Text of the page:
We don’t need to build some lineup of all-stars, as nice as that would be, it’s not realistic or a good investment. The Giants contend year in and year out, Cardinals too. Not because they have lineups that strike fear, but because they have ball players who do the little thing. Work counts, make plays in the field.

    I’d like to see us trade for Brandon Phillips. Yes, he’s 35, and I’m not a fan of acquiring 35 year olds. But in the field, he’s going to make all the plays he should. And on the bases, he’s not a speed demon, but he can take an extra base still. I’d like to see Flores and Loney platoon at first.

    My 2017 lineup for the Mets:


    I’d be happy to find a speedy guy for the 5th OF position and pinch running duties.

    If this is our roster, and it stays relatively healthy, we win the east.

    • Mike Walczak

      Votto would be a great solution except his contract feels and smells like Bobby Bonilla. Wright is a big problem. I love David Wright who is one of the greatest Mets, but he really needs to retire. Grandy is not solid. He played poorly for most of the year and hurt the team until he got a little hot at the end of the year. I would not want to place a bet on any of these fellows to produce great or even good numbers. You have to look at their ages and prior average years.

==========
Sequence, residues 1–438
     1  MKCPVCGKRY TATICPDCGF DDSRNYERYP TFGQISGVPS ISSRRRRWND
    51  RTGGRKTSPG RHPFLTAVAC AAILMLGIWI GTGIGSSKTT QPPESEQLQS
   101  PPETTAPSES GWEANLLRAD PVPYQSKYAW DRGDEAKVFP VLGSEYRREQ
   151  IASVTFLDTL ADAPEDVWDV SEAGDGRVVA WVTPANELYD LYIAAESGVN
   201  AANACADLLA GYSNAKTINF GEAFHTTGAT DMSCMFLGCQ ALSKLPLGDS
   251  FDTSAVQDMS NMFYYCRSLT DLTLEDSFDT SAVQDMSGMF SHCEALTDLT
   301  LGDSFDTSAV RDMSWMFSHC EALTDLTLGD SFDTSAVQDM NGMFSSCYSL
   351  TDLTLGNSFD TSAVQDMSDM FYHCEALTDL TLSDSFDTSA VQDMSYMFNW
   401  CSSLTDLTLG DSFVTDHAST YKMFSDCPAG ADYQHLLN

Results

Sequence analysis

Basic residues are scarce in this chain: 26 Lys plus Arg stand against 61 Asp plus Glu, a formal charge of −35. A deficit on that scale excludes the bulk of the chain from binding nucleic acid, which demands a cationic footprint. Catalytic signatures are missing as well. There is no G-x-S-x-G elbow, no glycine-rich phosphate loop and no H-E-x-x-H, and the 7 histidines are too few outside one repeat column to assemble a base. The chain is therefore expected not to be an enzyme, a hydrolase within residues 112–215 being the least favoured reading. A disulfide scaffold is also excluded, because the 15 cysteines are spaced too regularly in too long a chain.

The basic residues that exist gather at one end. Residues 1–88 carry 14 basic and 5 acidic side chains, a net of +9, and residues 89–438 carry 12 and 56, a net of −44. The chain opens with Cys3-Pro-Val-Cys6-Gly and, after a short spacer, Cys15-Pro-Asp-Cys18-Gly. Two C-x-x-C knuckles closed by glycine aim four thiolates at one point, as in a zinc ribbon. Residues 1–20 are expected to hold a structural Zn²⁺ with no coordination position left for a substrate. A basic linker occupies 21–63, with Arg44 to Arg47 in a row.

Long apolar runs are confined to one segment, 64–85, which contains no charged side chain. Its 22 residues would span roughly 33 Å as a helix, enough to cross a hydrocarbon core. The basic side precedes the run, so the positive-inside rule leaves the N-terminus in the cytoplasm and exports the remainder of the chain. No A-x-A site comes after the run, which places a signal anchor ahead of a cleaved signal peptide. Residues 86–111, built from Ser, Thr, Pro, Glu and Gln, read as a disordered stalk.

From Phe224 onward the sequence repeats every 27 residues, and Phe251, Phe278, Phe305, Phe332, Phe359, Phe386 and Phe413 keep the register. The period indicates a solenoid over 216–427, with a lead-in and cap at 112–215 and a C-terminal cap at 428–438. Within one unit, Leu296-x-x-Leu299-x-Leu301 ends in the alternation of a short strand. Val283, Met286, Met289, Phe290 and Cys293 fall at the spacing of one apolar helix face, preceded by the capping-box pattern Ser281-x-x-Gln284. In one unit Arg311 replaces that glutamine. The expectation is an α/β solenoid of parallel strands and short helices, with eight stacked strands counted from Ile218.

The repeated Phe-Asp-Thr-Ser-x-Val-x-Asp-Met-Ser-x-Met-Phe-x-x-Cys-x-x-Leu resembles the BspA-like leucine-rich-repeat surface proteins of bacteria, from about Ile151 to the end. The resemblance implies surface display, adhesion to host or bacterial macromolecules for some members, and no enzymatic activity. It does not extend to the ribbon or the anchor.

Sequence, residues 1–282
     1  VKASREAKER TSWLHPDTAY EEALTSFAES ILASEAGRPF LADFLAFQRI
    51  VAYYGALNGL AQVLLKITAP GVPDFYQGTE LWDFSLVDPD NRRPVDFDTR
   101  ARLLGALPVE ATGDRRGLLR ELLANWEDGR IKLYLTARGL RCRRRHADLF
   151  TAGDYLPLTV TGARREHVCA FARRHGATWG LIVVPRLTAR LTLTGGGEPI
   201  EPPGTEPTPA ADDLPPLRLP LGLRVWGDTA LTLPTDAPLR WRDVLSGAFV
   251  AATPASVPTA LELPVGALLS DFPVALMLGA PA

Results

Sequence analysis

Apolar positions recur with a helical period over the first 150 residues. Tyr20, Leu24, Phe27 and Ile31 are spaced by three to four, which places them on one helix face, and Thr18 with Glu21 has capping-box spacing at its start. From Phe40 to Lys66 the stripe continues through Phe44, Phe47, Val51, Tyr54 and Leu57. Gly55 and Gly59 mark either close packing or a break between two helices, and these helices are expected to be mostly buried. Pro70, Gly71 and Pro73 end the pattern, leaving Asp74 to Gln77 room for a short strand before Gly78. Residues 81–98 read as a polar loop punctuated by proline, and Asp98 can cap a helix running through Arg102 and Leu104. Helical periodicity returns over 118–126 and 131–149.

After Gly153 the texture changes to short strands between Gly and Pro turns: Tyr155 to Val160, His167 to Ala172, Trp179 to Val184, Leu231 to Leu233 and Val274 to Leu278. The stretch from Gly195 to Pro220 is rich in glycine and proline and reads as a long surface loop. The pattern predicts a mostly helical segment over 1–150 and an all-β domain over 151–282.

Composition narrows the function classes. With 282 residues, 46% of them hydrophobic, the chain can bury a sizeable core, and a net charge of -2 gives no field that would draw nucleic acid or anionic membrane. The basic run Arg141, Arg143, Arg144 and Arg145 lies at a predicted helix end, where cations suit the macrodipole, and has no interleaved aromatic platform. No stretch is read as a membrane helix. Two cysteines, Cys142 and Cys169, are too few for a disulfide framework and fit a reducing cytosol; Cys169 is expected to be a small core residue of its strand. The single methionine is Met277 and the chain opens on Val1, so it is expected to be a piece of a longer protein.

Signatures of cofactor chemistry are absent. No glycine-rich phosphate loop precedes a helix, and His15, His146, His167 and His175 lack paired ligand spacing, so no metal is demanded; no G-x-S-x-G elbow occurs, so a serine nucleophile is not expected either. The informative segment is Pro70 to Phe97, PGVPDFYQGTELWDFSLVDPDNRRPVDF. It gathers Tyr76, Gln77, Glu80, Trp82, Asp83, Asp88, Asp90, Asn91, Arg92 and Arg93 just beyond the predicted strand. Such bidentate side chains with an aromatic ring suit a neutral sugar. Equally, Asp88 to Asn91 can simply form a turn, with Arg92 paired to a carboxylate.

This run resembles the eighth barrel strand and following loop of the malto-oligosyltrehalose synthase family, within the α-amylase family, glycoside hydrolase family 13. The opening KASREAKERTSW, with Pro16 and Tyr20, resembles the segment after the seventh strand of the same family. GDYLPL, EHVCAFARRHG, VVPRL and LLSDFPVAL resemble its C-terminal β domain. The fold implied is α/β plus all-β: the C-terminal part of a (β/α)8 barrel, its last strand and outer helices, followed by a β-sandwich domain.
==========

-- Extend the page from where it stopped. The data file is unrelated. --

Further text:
• Mike Walczak

      This lineup would have a very low OBP, they would hit some home runs but would strike out a lot. They would not lead the Mets to the WS. In 86, we had Carter, Hernandez, Ojeda and Sid, who were all brought in via trades. If Theo can repeat his Boston magic in Chicago, why cant Alderson be bold and make some great moves.

      • Gregg Hirshberg

        Alderson can make great moves. But Theo’s best moves, have been the budget moves. Arietta has worked out way better than Heyward. The deal for Russell was fantastic.

        I’m all for making smart moves, that improve the club. But we just won 97 games, and of our young pitchers, only one had more than 150IP. The only position player to reach 150 games, was Granderson. If we stay healthy, and I don’t mean injury free, just healthy enough to get 180IP from 3 of our pitchers and 2 position players reach 150..we should win the east.